Citing in part its "anti-Israel bias" and otherwise complaining of costs, the Trump administration announced Thursday that the US will withdraw from UNESCO, the United Nations agency focused on education, science, and culture.
Hours later, Prime Minister Benjamin Netanyahu said Israel would quit too, calling the USA decision "brave and moral".
Yet, the US State Department announced today (Oct. 12) that the United States would withdraw from UNESCO membership.
In a statement, the State Department said the decision will take effect December 31, 2018, and that the US will seek a "permanent observer" status instead.
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Israeli Defense Minister Avigdor Lieberman also congratulated the U.S. decision: "This was an important moral and ethical move from our great ally towards an anti-Semitic and politically biased organization". Implications for Education Worldwide had said that the withholding of U.S. dues would immediately affect UNESCO's ability to support countries in the often tremendous efforts they are making to provide universally accessible, relevant and transformative education. Since then, the US has maintained a presence at UNESCO and lobbied behind the scenes.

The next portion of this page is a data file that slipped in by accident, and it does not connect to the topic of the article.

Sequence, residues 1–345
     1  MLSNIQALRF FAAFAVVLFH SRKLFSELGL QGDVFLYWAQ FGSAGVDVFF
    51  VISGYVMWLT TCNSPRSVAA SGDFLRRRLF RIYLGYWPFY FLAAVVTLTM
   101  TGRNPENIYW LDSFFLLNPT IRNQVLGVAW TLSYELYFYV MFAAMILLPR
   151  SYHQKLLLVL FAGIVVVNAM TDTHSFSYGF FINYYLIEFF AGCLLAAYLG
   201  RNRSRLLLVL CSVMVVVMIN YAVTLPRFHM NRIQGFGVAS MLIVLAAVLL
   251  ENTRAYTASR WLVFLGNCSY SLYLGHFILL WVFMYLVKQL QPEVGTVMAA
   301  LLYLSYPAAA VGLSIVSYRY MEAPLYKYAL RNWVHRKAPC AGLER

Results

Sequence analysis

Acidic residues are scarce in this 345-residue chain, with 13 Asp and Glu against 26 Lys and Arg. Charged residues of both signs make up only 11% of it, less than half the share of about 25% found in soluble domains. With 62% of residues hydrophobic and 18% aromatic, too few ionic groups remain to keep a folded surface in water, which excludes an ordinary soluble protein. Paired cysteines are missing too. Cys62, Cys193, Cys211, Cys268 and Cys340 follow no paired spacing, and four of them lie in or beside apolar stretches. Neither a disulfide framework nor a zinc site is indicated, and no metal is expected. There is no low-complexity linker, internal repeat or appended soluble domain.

The withdrawal marks another decision by the Trump administration to distance itself from the global community.
As Haley alluded to, the withdrawal is also motivated by USA budget concerns.
As a result of US funding cuts, USA arrears have been swelling each year, surpassing $500 million that's owed to UNESCO. After UNESCO admitted Palestinians as full members in 2011, the New York Times reported that the Obama administration axed its funding. This is a loss to the United Nations family.
But in addition to the controversial decision to admit the Palestinians in 2011, it has been the scene of repeated diplomatic flare-ups after efforts led by Arab countries to pass resolutions critical of Israel.
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Irina Bokova, outgoing UNESCO director general, reacted to the development with "profound regret", calling "universality" key to its mission. Former President Ronald Reagan withdrew the USA from the organisation in 1984, and former President George W. Bush rejoined the cultural group in 2002.
The resolution also criticised Israel's activities at holy places in Jerusalem and the occupied West Bank.
The withdrawal of the United States, which is meant to provide a fifth of UNESCO's funding, is a major blow for the Paris-based organisation, founded after World War Two to help protect cultural and natural heritage around the world.
And in July, UNESCO declared the old city in Hebron, a West Bank town that includes the Tomb of the Patriarchs, a Palestinian World Heritage Site, a move Israel claims negates Judaism's links to the biblical town.
The agency is in the process of choosing a new leader, with Qatari and French former ministers Hamad bin Abdulaziz al-Kawari and Audrey Azoulay neck-and-neck in the contest to replace Ms Bokova.
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